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Monday, June 5, 2017

The Hermann Kantorowicz Collection at the UMN Law Library

Hermann Kantorowicz (1877-1940)
The University of Minnesota Law Library and Riesenfeld Rare Books Center are pleased to announce the creation of the Hermann Kantorowicz Collection, a significant collection of books and articles formerly owned by Hermann Kantorowicz (1877-1940), one of the twentieth century’s most eminent legal scholars. Comprising over 1,850 titles from the sixteenth through twentieth centuries, the Kantorowicz Collection includes notable early modern works, and rare and important scholarship on medieval law, jurisprudence, criminal law and German constitutional law, among other fields. Previously dispersed throughout the Law Library’s collections, Kantorowicz’s library has recently been identified and organized into a discrete collection in the Riesenfeld Center. 

A jurist of the highest stature, Hermann Kantorowicz reflected on some of the most important legal and political questions of his time. Born in Poznan, Germany, in 1877, Kantorowicz studied law at the University of Berlin, where he was influenced by Franz von Liszt and Emil Seckel. A noted early work was a historical study of criminal law, which drew on his expertise in the medieval jus commune, a central area of research over his career. In 1906, under the pseudonym Gneaus Flavius, Kantorowicz published one of the fundamental works of jurisprudence in the 20th century, Der Kampf um die Rechtswissenschaft. As a critique of both natural law theory and excessive formalism in the application of law, the treatise articulated a far-reaching view, that a more ‘free’ judicial interpretation was required to fill unavoidable lacunae in the written law. The work was called the foundation of the Free Law movement in Germany by fellow legal giant Gustav Radbruch, and prefigured the development of legal realism, perhaps the most influential school of legal interpretation in the US in the first half of the last century.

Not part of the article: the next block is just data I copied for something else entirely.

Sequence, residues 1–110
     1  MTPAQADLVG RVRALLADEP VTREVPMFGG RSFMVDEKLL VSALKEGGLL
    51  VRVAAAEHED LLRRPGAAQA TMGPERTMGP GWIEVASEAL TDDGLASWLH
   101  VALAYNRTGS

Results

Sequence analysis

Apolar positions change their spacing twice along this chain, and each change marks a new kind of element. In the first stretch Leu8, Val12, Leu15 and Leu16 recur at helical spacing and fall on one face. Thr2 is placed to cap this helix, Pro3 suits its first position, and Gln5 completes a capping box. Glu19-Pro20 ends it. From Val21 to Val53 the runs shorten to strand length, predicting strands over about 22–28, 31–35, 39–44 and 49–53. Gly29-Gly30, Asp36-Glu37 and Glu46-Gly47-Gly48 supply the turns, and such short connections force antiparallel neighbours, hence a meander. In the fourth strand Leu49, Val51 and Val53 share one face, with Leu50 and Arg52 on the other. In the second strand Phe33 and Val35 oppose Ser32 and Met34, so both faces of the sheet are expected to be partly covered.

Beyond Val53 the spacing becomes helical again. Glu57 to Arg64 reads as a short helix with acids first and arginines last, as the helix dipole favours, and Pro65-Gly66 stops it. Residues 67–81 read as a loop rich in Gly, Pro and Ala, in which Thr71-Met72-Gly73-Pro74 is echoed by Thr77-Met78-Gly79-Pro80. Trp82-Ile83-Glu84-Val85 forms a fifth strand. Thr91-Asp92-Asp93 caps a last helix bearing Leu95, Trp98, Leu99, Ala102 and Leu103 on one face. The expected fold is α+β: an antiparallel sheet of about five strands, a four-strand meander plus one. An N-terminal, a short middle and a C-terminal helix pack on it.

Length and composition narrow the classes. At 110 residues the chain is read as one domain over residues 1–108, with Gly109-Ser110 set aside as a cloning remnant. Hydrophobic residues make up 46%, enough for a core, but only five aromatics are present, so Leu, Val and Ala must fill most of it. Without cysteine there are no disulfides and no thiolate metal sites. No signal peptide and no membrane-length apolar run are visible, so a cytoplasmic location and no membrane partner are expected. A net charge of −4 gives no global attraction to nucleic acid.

Kantorowicz was known as an outspoken law professor at Freiburg and then Kiel, where he was removed from his post in 1933 by the Nazi government. Neither his Jewish heritage nor his political views would have allowed him to remain safely, and in the same year Kantorowicz moved to England with his family. After a short period of teaching in the United States, he returned to teach at Cambridge and the London School of Economics; between 1934 and his death in 1940, Kantorowicz taught primarily legal history at Oxford and Cambridge. Over a productive career, he published numerous works in German and also some influential work in English. With his important contributions, particularly to the fields of jurisprudence, legal history and criminal law, Kantorowicz remains a towering legal figure of the twentieth century.  

The Kantorowicz Collection sheds particular light on the scholars and works with which Kantorowicz was engaged, as well as his own work, published during his career in Germany and in England. Highlights include Kantorowicz’s own annotated copy of Der Kampf um die Rechtswissenschaft (1906), his key contribution to jurisprudence; manuscript lecture notes from the mid-nineteenth century, inscribed to Kantorowicz by his friend Gustav Radbruch; Kantorowicz’s marked (underlined) copy of Grotius’s seminal De jure belli ac pacis (1651); and marked and unmarked copies of a broad range of important scholarship, with a focus on medieval Roman and canon law, the theory and practice of criminal law, and the philosophy of law. Other items stand on their own, including a first edition of Hegel’s Grundlinien der Philosophie des Rechts (1821), and a manuscript of student notes on Savigny’s lectures on the Pandects. Taken together, the Kantorowicz library is a valuable resource for study.

The Kantorowicz Collection is available for consultation in the Law Library’s Riesenfeld Center, and the titles in the collection can be viewed and downloaded here:


For further information or an appointment for research, please contact Ryan Greenwood, Curator of Rare Books and Special Collections (rgreenwo@umn.edu; 612-625-7323).

   - Ryan Greenwood, Curator of Rare Books and Special Collections

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